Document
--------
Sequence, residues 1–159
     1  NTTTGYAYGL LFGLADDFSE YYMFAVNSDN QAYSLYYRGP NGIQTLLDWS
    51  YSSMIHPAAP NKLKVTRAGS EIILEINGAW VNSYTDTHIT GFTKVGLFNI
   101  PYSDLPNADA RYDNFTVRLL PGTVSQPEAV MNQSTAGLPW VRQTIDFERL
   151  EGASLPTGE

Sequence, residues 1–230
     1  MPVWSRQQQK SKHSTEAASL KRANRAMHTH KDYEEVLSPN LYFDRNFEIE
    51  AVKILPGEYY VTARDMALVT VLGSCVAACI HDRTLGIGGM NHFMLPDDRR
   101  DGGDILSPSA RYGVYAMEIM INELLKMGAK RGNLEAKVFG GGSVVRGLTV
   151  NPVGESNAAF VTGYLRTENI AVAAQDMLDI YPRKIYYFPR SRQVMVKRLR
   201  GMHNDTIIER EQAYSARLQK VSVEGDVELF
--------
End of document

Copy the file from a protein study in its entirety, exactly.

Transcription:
Sequence, residues 1–159
     1  NTTTGYAYGL LFGLADDFSE YYMFAVNSDN QAYSLYYRGP NGIQTLLDWS
    51  YSSMIHPAAP NKLKVTRAGS EIILEINGAW VNSYTDTHIT GFTKVGLFNI
   101  PYSDLPNADA RYDNFTVRLL PGTVSQPEAV MNQSTAGLPW VRQTIDFERL
   151  EGASLPTGE

Sequence, residues 1–230
     1  MPVWSRQQQK SKHSTEAASL KRANRAMHTH KDYEEVLSPN LYFDRNFEIE
    51  AVKILPGEYY VTARDMALVT VLGSCVAACI HDRTLGIGGM NHFMLPDDRR
   101  DGGDILSPSA RYGVYAMEIM INELLKMGAK RGNLEAKVFG GGSVVRGLTV
   151  NPVGESNAAF VTGYLRTENI AVAAQDMLDI YPRKIYYFPR SRQVMVKRLR
   201  GMHNDTIIER EQAYSARLQK VSVEGDVELF